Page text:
Are Lithium Batteries the way to go?

2»

Comments

  • EstragonEstragon Posts: 2,840Registered Users ✭✭✭✭✭
    I'm not sure how cold it gets in Alaska. Here, it can get into the -40s (though not so often in recent years, it seems). My understanding is the batteries are okay in storage at that temp, but can't be charged unless warmed up. It seems to me the solution would be for incoming power, solar or otherwise, to first be used to warm the bank, probably slowly to allow uniform warming.

    The box itself and contained airspace might heat pretty fast, but say there's 1000# of battery needing to go from -25 to +35°f. That's 60° x 1000 =60,000 btu, roughly 20kwh. My 48v string of L16s weighs about that. A lithium bank with equivalent usable power would presumably be less (maybe 1/2 ?), but still tough to warm with a single panel, even in a well insulated box.

    Keeping a bank warm (as opposed to warming a cold one) might be possible, depending on the surface area of the box, ambient conditions, and the Rvalue of the insulation, but I'd count on the panel getting covered by snow, or some other impediment.

    In other words, I'd want a charging system that simply won't charge if battery/cell temp is below spec.
    Off-grid.  
    Main daytime system ~4kw panels into 2xMNClassic150 370ah 48v bank 2xOutback 3548 inverter 120v + 240v autotransformer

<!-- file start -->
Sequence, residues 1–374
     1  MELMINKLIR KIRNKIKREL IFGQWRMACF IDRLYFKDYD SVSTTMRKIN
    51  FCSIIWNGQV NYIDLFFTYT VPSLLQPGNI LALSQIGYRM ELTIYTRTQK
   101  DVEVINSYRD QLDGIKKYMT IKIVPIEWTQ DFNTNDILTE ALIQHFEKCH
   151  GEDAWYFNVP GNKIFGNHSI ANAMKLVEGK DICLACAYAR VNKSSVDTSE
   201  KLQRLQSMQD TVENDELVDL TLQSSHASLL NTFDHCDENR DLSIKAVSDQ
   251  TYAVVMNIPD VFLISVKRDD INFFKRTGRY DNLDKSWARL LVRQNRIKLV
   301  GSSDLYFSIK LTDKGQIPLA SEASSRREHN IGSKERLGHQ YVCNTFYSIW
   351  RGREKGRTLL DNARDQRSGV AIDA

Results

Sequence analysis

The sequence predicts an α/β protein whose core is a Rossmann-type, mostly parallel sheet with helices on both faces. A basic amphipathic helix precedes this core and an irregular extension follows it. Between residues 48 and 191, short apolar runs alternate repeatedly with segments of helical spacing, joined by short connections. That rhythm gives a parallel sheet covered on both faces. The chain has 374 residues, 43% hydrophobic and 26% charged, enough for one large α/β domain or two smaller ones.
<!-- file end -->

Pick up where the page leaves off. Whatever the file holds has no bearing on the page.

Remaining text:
Night system ~1kw panels into 1xMNClassic150 700ah 12v bank morningstar 300w inverter
  • Dave AngeliniDave Angelini Posts: 4,021Solar Expert ✭✭✭✭
    Something like that estragon because one can't depend on keeping a solar array clear to keep a battery warm.
    I just went through this recently and we ended up using an AGM for cost and the least likely to have damage in temps like you mentioned.
    An attended system is not a problem as long as there is a pulse on the human ;)
    "we go where power lines don't" Sierra Mountains near Mariposa/Yosemite CA
     http://members.sti.net/offgridsolar/
    E-mail [email protected]

  • OldManOldMan Posts: 32Registered Users ✭✭
    edited August 25 #34
    Estragon said:
    Lithium (of which there are multiple types with distinct characteristics), solves some problems, but creates others. Some include inability to charge in cold temps, greater risk of fire, difficulty in using voltage as a SOC indicator, and cost.

    These can be overcome with some chemistries in some applications, but for my off-grid application, like softdown, I think I'll wait a bit for costs to come down.
    I don't have time to wait. So I'll plunge in, feet first, into lithium. No lead-acid batteries under my bed. I'll get mine from China. If you look around, you can find panels, new or lightly-used, for not so much money.

    Besides, winters, I'm at Coyote Howls. See you there?
  • softdownsoftdown Posts: 1,895Solar Expert ✭✭✭✭
    Using an F or a C is hard when discussing temperatures on an international board. Unfortunate.
    First Bank:16 180 watt Grape Solar with  FM80 controller and 3648 Inverter....Fullriver 8D AGM solar batteries. Second Bank/MacGyver Special: 10 165(?) watt BP Solar with Renogy MPPT 40A controller/ and Xantrex C-35 PWM controller/ and Morningstar PWM controller...Cotek 24V PSW inverter....forklift and diesel locomotive batteries